This wasn’t simply a marriage proposal that had been offered to her. Rebekah saw that alongside of Isaac, she could experience a life of faith, the presence of God and miracles. She could know this personal God who had reached out to her and invited her to be part of His family. I think she saw how privileged she was and how wrong it would be to hesitate.
Sure, there were things she didn’t know. Faith always involves not knowing some things. Otherwise it wouldn’t be faith. But she had the gifts as evidence that Isaac was who the servant said he was, and she had the servant’s testimony of God’s providential care and guidance to show her what Isaac’s God was like. So, trusting in the revelation she had been given, responding in reverence, realizing that she wouldn’t know everything in advance, but considering that God would be faithful to her, she made her commitment and she gladly said, “I will go.”
It’s good for you to know that this is how faith works. First, faith always begins with God speaking, with his revelation to us of who He is or what He will do. Faith must hang or be built upon what God has promised, or it isn’t faith… it’s presumption.
Second, there must be an inner response. For example, in Hebrews 11, the writer lists heroes of faith. And before he writes about what they did, he always writes about what they thought. Verse 7: Noah was filled with holy fear. Verse 8: Abraham went out not knowing where he was going. So there was a point where he said in his heart: “It’s okay that I don’t know. God knows.” Verse 11: Sarah believed in the faithfulness of the One who had promised. Verse 10: Abraham’s goals changed. He wasn’t looking for an earthly city, He was waiting for a city with strong foundations that would last eternally.
Last comes the outer response, based on the inner response. Noah built an ark. Abraham left Ur. Sarah started getting together diapers. John Piper said, “If you trust God, you will do things that cannot be explained without God. Ask yourself, ‘What am I doing that is unexplainable apart from God.’ If there’s nothing, tremble! Faith causes an inner revolution of values.”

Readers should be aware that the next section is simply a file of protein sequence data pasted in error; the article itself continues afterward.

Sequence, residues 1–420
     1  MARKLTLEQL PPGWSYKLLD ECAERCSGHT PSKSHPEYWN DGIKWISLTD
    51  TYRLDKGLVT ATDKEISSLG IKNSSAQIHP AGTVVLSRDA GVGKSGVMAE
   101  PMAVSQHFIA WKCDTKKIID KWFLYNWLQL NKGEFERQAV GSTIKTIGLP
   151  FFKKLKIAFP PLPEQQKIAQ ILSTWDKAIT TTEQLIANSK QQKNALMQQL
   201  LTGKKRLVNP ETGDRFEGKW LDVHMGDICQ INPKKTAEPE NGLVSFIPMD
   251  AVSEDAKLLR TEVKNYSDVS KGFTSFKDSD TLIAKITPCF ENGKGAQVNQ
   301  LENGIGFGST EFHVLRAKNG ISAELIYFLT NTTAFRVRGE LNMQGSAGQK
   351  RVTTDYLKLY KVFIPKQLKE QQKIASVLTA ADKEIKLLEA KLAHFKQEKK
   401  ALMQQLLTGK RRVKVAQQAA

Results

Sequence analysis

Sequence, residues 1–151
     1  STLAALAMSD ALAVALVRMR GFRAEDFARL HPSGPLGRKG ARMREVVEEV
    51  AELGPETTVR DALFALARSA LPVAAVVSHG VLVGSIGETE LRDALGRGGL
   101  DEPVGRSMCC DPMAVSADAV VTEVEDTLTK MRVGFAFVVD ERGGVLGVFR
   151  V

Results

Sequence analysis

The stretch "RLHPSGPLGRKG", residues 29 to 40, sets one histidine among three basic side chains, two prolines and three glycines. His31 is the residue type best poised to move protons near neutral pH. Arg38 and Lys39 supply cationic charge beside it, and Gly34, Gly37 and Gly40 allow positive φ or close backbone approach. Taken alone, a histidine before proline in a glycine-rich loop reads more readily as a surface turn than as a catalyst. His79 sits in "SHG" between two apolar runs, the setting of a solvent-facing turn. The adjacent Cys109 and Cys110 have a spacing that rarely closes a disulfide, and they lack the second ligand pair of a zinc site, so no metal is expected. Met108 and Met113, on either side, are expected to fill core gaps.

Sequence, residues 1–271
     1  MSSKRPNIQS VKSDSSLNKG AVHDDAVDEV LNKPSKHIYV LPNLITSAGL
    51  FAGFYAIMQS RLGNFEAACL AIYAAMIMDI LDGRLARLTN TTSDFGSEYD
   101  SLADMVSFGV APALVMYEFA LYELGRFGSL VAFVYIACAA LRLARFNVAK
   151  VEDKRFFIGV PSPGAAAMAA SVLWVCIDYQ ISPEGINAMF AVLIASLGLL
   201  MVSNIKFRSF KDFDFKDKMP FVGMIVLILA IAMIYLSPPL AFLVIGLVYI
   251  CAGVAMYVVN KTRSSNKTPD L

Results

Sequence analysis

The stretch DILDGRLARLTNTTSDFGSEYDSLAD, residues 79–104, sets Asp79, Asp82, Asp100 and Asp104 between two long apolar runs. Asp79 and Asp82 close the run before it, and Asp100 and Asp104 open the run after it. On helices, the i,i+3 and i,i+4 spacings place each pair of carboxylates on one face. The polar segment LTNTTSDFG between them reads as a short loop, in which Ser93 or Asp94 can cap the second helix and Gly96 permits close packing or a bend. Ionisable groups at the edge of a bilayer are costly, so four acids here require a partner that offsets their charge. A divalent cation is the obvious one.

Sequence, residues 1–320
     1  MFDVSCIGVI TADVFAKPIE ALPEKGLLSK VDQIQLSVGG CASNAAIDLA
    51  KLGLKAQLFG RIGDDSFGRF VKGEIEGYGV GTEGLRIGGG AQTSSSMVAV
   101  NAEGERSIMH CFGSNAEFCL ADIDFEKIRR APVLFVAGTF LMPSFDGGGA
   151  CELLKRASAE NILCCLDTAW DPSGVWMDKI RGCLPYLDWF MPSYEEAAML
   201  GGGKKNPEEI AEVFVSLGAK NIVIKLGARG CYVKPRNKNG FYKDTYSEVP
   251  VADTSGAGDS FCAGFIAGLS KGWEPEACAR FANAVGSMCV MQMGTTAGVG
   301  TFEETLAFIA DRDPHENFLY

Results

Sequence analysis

The deeper significance
Maybe you have realized by now that there is a more majestic story behind this account of Isaac seeking a bride. Do you see it? The story of Isaac and Rebekah points to Christ and His bride, the church.
God does that in the Old Testament. He’s put portraits of Christ all over it, but until you know the Word well, you probably won’t see them. Jesus rebuked the Pharisees for not knowing that the Old Testament scriptures were talking about Him. Also, Luke tells us that after Christ rose from the dead, he sat his disciples down and starting with the first five books of the Bible, He explained to them the things concerning Himself that had been written there! I wish I could have heard that Bible study, don’t you?
Then how does this passage point to Christ and the church? Well, we know that Jesus told many parables in which he used a wedding analogy. And the character of the bridegroom always stood for Him and no one else. The church is frequently depicted as the bride of Christ, so when we see a bridegroom in the Old Testament we should be sensitive to the possibility that we are being told something about Christ.